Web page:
It varies, but there is a constant in that most dev houses will have some inhouse audio designers because of the major task that is integration.
Integration is quite a skill in itself, i’ve played many a game with great sounds, good music and decent dialogue but how it was implemented and mixed left a lot to be desired! Alot could possibly be down to technology-decent tools for audio integration are thin on the ground, and while its slowly changing, programmers are invariably found somewhere in the audio integration pipeline!! uh-oh!!
Creation of game audio does have its own set of ‘rules’ compared to post-prod. Game audio, in terms of fidelity, is pretty high in these days of next-gen – 48KHz, 16bit for the 360 for example, so its all neumanns, nice preamps and clean signals, but knowing how the audio will be implemented will drive how its recorded and edited. Foley recording for games is a tad different from PP stuff for example, and animations can be very specific because your dealing with looping, and triggering from key frames and multiple files triggered from 3D points from scripts etc etc.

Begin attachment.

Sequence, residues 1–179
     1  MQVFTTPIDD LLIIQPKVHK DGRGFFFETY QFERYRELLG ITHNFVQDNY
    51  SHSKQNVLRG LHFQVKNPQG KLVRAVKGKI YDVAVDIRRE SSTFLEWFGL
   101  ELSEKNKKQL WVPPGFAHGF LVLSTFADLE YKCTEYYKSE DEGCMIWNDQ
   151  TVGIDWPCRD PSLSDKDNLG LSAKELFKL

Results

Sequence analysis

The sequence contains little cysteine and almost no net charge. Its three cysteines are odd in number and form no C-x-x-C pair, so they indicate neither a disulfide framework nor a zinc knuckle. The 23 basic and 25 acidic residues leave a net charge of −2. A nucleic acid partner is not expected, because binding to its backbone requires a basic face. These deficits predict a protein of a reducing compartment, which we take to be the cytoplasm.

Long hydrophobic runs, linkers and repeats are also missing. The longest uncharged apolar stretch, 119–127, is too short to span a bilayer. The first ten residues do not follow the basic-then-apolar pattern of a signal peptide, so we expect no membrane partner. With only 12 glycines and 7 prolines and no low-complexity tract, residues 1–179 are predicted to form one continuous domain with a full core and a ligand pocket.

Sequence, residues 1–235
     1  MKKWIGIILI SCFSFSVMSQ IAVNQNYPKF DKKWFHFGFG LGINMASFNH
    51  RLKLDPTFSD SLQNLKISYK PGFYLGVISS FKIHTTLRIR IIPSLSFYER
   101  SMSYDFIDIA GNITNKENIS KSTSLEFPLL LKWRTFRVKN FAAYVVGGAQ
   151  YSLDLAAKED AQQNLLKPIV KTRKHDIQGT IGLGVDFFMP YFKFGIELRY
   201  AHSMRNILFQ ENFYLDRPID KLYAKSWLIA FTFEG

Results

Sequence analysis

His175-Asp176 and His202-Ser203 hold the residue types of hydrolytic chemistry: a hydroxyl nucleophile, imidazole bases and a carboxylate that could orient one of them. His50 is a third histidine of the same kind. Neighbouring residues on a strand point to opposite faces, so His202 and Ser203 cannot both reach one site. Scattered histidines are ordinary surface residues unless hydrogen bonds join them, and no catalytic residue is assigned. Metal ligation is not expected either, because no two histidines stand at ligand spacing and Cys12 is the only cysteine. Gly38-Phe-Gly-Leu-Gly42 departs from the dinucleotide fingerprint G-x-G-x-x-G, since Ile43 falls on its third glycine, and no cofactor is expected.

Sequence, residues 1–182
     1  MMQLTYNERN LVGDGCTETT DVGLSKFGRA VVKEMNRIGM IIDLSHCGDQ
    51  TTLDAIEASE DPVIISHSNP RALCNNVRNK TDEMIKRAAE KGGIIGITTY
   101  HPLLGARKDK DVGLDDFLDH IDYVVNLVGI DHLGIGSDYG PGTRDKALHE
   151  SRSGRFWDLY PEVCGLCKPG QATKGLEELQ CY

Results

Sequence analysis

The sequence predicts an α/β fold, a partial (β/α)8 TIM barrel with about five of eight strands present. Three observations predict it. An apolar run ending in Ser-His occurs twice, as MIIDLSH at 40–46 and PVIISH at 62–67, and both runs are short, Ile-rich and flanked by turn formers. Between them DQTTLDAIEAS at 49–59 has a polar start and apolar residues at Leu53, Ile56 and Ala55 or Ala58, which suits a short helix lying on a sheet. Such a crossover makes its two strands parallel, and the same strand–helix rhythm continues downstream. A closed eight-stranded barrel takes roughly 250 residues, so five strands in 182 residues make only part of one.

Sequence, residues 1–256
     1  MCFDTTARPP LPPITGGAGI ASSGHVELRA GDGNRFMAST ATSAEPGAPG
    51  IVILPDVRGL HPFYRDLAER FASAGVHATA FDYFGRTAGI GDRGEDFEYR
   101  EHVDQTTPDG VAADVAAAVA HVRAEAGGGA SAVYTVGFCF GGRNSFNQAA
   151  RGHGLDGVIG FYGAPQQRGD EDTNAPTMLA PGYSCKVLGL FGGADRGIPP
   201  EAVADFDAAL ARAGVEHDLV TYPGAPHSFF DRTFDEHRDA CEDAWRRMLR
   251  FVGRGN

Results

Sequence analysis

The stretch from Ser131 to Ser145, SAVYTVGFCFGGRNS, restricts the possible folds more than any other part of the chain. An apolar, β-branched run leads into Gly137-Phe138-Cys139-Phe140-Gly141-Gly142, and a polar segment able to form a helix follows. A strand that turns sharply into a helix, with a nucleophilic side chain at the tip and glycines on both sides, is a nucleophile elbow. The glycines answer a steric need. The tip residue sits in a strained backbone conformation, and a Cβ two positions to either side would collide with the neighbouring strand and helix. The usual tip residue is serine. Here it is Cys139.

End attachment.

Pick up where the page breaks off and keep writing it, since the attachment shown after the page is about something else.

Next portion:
Devs do tend to use a lot of outsourcing, especially music and dialogue and more and more sound design, simply because there are more PP houses who know and understand the specifics of creating sound for games, with inhouse audio designers, like me, creating audio and becoming an aggregator and integrator of outsourced audio.
jeese my eyes are all blurry so i’ll yield.